Lacey Spearing, a one-year-old from Minton in Kent, was eating a piece of Christmas cake in Sittingbourne town centre, when she decided she'd had enough. Her grandmother Sandra suggested it might be kinder - and less wasteful - to feed it to the squirrels than throw it in the bin. That kindness cost her family £60.
Sandra, her daughter Emma-Louise, and Lacey, had been waiting for a taxi in a churchyard. They had seen two squirrels nearby, and it never occurred to Sandra that anyone could object to Lacey throwing them a few crumbs. She didn't realise, however, that a local rubbish officer was lurking nearby. When Lacey threw the crumbs of cake, he pounced, and slapped Emma-Louise with the fine with a £60 fine for littering.
Sandra told the Daily Mail: "I can laugh now but I was annoyed at the time. I'm definitely not paying it, I'm not paying £60 for feeding squirrels Christmas cake."
The council said it would investigate the incident, but added "We don't encourage people to feed animals as it can encourage pests such as rats, which can transmit disease and cause damage to homes and businesses."
Swale Council is one of a growing number of councils with a zero tolerance policy on litter - including feeding birds and squirrels. Last month we reported details of another woman given a £50 fine, for feeding leftovers from her lunch to the birds in Swansea.
In May last year a woman from Sidmouth in Devon was fined £80 for feeding peanuts to pigeons, and a year earlier a woman from Bolton was fined £75 for feeding a scrap of leftover pasty to a pigeon.
The councils argue that they are trying to deter pests. At the time of the Swansea fine, the council said that it was part of a local campaign to get people to put leftover food in the bin rather than throwing it on the ground - and that it was acting at the request of local businesses who had been plagued by seagulls.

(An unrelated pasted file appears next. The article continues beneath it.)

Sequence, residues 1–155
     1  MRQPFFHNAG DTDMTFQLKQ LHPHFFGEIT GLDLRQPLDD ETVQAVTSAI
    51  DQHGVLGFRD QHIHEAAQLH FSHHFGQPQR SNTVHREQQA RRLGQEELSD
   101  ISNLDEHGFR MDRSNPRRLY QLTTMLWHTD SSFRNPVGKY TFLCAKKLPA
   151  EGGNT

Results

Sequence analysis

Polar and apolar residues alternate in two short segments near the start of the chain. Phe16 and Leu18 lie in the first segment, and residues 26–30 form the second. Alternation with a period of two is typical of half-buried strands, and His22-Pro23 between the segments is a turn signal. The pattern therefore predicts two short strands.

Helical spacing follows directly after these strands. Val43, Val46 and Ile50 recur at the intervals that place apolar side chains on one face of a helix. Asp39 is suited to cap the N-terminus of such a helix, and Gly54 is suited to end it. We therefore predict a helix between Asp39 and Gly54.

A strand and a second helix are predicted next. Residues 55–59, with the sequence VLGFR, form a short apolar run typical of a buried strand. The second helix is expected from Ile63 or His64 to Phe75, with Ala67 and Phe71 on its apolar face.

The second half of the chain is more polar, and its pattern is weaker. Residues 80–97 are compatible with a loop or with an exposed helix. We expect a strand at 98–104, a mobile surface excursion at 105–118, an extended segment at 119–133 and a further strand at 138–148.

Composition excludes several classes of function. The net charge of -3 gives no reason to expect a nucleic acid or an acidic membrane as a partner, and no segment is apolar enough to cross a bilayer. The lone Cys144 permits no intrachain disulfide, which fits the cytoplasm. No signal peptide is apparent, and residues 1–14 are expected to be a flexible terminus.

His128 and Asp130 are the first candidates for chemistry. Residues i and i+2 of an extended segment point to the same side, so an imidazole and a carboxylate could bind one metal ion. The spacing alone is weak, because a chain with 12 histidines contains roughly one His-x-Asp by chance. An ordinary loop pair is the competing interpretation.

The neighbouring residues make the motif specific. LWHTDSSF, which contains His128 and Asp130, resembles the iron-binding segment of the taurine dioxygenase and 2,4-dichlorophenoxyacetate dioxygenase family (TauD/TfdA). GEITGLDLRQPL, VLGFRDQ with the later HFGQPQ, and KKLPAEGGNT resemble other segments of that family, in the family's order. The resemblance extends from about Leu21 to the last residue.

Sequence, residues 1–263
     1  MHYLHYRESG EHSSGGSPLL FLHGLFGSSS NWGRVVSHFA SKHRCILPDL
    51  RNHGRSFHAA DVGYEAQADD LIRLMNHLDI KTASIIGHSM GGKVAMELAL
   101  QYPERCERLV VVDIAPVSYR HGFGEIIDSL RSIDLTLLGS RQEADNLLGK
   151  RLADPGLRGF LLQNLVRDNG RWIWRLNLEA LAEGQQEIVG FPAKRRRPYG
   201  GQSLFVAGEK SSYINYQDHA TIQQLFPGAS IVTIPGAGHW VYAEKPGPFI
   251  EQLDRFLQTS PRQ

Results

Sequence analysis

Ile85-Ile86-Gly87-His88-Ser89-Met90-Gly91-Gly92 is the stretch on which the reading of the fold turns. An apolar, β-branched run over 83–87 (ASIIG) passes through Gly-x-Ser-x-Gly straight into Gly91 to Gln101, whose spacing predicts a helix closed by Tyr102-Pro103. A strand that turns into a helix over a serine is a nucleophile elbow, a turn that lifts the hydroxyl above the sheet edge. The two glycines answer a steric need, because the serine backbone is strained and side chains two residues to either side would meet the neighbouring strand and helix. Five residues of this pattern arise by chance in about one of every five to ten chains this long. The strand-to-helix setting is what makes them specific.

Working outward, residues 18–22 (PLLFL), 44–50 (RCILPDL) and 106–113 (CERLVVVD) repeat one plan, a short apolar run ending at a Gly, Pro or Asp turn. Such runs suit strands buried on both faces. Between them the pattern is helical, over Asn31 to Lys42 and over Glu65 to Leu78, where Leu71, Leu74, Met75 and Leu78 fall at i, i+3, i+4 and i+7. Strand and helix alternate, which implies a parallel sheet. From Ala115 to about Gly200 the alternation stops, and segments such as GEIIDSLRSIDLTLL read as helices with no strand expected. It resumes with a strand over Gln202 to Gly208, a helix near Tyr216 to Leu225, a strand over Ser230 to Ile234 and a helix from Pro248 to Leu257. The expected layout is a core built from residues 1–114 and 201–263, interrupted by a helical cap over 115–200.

Elsewhere, councils have argued that because of budget cuts they their 'street scene' budgets are under pressure. They are therefore keen to clamp down on litter, so they can save cash on cleaning it up. Many of them use private wardens to patrol and slap people with fines. They can fine people up to £75 - of which up to £30 is paid to the council. The councils insist it's not a cash grab, but clearly it's a lucrative business.
The New Local Government Network has urged them to adopt more creative approaches. NLGN director Simon Parker said: "There is a real danger that budget cuts will force cash strapped councils to rely on charges and fines to keep their areas clean and green. But there is a better way forward. Leading local authorities are innovating to persuade people to drop less litter in the first place, and persuading communities and businesses to take more responsibility for the local area."
He pointed out that Rochford Borough council introduced bins promising donations to charity if the streets remained clean. The scheme reduced the amount of rubbish dropped by 42% over three months. Meanwhile, Lambeth council helped to create residents' groups, charged with caring for their streets. He said this has reduced littering and helped foster price in their local area.
However, with litter fines proving so lucrative, you have to wonder how many councils will be convinced there's a better option than fines - even when it means slapping a one-year-old with a fine for feeding local wildlife.